Remember When?


September 14, 2023

90 YEARS AGO • AUGUST 9, 1933


Members of the David Thompson Memorial committee have discovered what is believed to be the site of the Salish House, the first building erected within the present boundaries of Montana. The Salish House or Flathead House, was a post of the North West Fur Company established by David Thompson in the fall of 1809.

The exact site of the Salish House has long been a puzzle to students of early Montana history. Dr. Elliott Coues who edited the notes of Thompson and Ashley, published an account in 1897 in which he states that the place was close to the mouth of Ashley creek, not far from the mouth of Thompson River.

Dr. Elliott, of the Oregon Historical Society has visited the region several times. In one instance he arranged to bring Duncan McDonald from the Flathead Reservation in the hope of locating the site. Dr. Elliott and John Brauer of Thompson Falls, surveyor for Sanders County, went over the ground along the river below Thompson Falls but did not arrive at a definite conclusion.

Interest in the matter was revived when the town of Thompson Falls took up the project of erecting a monument in honor of David Thompson. The David Thompson Memorial Committee had access to David Thompson’s journal through the library of the University of Montana. In this journal David Thompson has recorded the longitude and latitude of the Salish House as a result of observation taken during the winter of 1809-10. The explorer used the site of the Salish House as a base point to map the region west of the Rockies.

The site was known to be on the edge of a flat which had no trees when the pioneers discovered it. Since early times this was called Thompson Prairie. Duncan McDonald had described it as a place which could be seen from the Flat along the Thompson River mouth. From David Thompson’s journal it was learned that the place was along the banks of the Clark’s Fork River.

John Brauer furnished the Memorial Committee a map of the Thompson Prairie as it existed before the timber was removed from the rest of the neighborhood. Supervisor A.H. Abbott of the Cabinet National Forestry staffchecked with David Thompson’s readings of longitude and latitude with the entries in David Thompson’s journal. With the exception of two terms, Mr. Brauer served as surveyor for Sanders County from 1909 to January 1, 1955, when he retired.

The Committee spent considerable time exploring up and down the river. At a spot near the river bank, at the edge of the original timber, the committee found stones laid in rows which looked like the corner blockings of the log houses of the Post. At one of these sites a heap of stones was dug away and charred soil was discovered underneath. The Committee found the head of a stone maul among the same ruins. This maul head weighs about 10 pounds and was the type used by the earliest pioneers in driving dowel pins in puncheon floors and timber hewn furniture. In front of this site there is an old trail leading down to a cluster of alder trees along the river bank where old timers say there were springs before the water was backed up by the dam and covered the place.



Geo. Anderson, one of the C.C.C. camp men located a short distance out of Trout Creek at Larchwood, was out hiking Sunday with two regular army soldiers on Marten Creek about eight miles from camp. Anderson, who was ahead of the rest, came across a large black bear. The bear charged him, and he attempted to defend himself with a club, but the bear pawed the club out of his hands, and grappled with Anderson. His companions hurried up, and while the bear was mauling him fired a number of shots into the bear with an army pistol. Two of the shots went through the bear and entered Anderson’s hip and side. The bear was shot by Sergt. Hardiman.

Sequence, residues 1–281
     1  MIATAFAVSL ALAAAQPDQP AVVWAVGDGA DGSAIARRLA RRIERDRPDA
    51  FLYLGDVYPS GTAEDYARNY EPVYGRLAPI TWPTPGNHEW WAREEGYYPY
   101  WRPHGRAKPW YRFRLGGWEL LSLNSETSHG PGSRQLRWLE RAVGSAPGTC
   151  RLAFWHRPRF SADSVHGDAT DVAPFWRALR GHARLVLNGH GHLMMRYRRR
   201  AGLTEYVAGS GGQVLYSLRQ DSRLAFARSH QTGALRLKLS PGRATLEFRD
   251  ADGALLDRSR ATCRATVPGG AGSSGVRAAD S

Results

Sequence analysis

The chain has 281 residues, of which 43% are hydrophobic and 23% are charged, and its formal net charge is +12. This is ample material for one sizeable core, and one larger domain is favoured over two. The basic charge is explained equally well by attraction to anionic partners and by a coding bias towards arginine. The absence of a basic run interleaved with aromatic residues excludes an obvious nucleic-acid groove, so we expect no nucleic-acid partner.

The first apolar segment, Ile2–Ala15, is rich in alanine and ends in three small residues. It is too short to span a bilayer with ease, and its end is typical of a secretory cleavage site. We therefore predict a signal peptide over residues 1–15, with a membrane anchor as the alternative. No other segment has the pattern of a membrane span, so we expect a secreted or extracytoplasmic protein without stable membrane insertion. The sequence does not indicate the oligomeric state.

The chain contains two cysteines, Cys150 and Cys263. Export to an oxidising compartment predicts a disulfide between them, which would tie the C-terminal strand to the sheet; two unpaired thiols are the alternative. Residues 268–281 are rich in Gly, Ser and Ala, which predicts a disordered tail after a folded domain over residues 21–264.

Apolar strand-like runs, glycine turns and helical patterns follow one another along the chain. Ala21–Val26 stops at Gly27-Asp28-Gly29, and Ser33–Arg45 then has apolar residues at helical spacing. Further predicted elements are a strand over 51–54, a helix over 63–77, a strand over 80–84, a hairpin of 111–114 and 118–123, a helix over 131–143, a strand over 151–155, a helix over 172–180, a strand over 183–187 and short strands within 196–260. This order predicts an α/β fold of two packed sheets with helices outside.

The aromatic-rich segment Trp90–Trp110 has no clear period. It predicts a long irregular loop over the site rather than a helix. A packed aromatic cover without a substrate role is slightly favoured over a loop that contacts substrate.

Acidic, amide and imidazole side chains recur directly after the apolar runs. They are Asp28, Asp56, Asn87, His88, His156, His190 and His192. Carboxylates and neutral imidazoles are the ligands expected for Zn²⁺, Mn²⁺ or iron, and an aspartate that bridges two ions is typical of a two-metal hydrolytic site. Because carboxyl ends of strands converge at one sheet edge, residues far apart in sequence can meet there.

Anderson, who is a member of the Montana contingency from Missoula, was rushed to Thompson Falls by the army ambulance and medical corps doctor and in conjunction with Dr. A.W. Rew was given attention.

Moral: Thar’s bears in them thar hills boys, and a little club or stick just tickles them.



Chips are flying as the 297th Company C.C.C. road crew chops its way through uncleared woodland three miles above Vermilion Creek Camp. These boys have been improving roads previously built by the Forestry Department and have been putting the finishing touches to the road six miles below camp in the direction of Trout Creek and three miles upstream to the site of their present activities.

Though most of this country was burned over in the disastrous fire of 1910, there is quite a heavy growth of trees and brush to cut away. Behind the crew of woodchoppers follows the “Bulldozer,” a caterpillar tractor with a heaving grading blade mounted up front. Felled trees, brush, boulders and dirt are pushed out of the way as this modern Paul Bunyan carves its way across the hills.

The boys are getting tougher as the days go by. Many of them work bare to the waist and all are heavily tanned and are showing muscular development. Mess call finds them ready to stow away the generous portions of chow furnished by Mess Sergeant Arthur Evans and his crew of cooks, bakers and K.P’s.

Hot cakes are occasionally on the bill of fare at the different camps and recently the mess sergeant at the Vermillion Camp tried to fill the boys up. By actual count the 200 men in the camp stowed away some 2,200 hot cakes. No one knows who had the top record, but it is claimed that one man beat 25.


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